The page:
Keith Collantine from F1 Fanatic UK reports about the the preparation Singapore has done at no expense spared:
Here are few pictures showing just how bright the lighting will be at the inaugual Singapore Grand Prix this weekend:
They’ve also tested out the lighting system that will be used for flag warnings:
Concerns have been expressed by drivers and fans about the safety of racing at night – but from these pictures it looks as though the race will be very well-lit.
According to the organizers the pit building is complete and resurfacing work on parts of the circuit has been completed.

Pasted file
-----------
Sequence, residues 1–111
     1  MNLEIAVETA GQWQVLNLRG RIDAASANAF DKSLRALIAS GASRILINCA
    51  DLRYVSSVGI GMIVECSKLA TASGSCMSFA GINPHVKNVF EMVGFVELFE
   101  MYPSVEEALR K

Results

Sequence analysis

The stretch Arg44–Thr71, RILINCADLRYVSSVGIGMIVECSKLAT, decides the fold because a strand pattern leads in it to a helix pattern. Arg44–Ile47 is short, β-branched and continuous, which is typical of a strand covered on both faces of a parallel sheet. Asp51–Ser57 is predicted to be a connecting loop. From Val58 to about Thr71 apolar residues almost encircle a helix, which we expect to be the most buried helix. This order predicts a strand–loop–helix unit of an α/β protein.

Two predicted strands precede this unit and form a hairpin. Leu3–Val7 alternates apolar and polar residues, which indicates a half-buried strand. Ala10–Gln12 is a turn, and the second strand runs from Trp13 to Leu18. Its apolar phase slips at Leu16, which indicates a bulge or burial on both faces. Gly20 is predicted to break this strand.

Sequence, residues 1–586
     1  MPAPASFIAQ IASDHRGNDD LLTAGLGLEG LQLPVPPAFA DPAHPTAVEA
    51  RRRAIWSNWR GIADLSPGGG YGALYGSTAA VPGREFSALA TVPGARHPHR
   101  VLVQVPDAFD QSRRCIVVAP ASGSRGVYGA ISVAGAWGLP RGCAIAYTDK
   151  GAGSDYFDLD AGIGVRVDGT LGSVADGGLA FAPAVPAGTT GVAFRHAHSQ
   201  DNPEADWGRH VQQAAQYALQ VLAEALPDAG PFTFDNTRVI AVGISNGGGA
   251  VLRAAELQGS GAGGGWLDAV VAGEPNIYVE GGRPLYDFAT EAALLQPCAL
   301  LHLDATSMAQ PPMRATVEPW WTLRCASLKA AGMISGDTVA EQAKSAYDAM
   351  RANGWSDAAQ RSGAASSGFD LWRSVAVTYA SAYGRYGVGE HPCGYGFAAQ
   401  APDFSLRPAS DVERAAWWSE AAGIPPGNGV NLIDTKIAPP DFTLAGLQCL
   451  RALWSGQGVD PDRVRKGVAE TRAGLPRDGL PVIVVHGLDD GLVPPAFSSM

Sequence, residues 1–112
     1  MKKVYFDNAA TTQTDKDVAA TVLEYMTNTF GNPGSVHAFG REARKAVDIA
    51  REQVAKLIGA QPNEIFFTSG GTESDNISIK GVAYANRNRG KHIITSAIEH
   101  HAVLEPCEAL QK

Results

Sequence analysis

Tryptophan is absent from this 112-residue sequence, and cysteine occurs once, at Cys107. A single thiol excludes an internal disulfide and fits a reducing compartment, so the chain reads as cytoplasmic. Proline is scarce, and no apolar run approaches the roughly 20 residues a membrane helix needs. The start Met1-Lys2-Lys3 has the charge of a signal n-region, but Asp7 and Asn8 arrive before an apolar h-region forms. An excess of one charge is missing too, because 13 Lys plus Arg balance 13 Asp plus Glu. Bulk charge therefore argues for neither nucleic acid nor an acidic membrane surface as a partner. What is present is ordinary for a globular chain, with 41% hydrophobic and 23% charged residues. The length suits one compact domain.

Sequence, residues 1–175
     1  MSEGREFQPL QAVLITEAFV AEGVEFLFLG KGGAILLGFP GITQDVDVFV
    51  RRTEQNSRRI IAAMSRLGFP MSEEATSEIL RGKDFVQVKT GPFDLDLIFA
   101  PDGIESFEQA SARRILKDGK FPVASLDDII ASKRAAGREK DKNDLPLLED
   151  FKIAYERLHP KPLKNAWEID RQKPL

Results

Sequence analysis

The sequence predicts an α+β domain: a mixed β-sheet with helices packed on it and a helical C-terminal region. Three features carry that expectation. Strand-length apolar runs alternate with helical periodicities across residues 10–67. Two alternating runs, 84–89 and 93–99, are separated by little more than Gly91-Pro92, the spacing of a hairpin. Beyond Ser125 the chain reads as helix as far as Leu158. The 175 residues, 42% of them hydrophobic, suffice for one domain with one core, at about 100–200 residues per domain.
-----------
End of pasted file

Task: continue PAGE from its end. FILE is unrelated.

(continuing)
The 2008 Singapore Grand Prix will be held on 26-28th September. It will be F1’s first night race and is expected to be followed by Malaysia in 2009 and possibly several other Asian circuits in the near future. The scheduled race will be held on the third day of the race weekend, September 28, 2008. The 5.067km long track is composed of technical high speed turns and long straights with lots and lots of overtaking points that will surely keep the crowd on their toes. The F1 Singapore Grand Prix will be first street race in Asia and is one of three races in the 2008 F1 calendar to run anticlockwise. The cars will run in down town Singapore along the garden city’s beautiful skyline and some historic places lit up for the night race.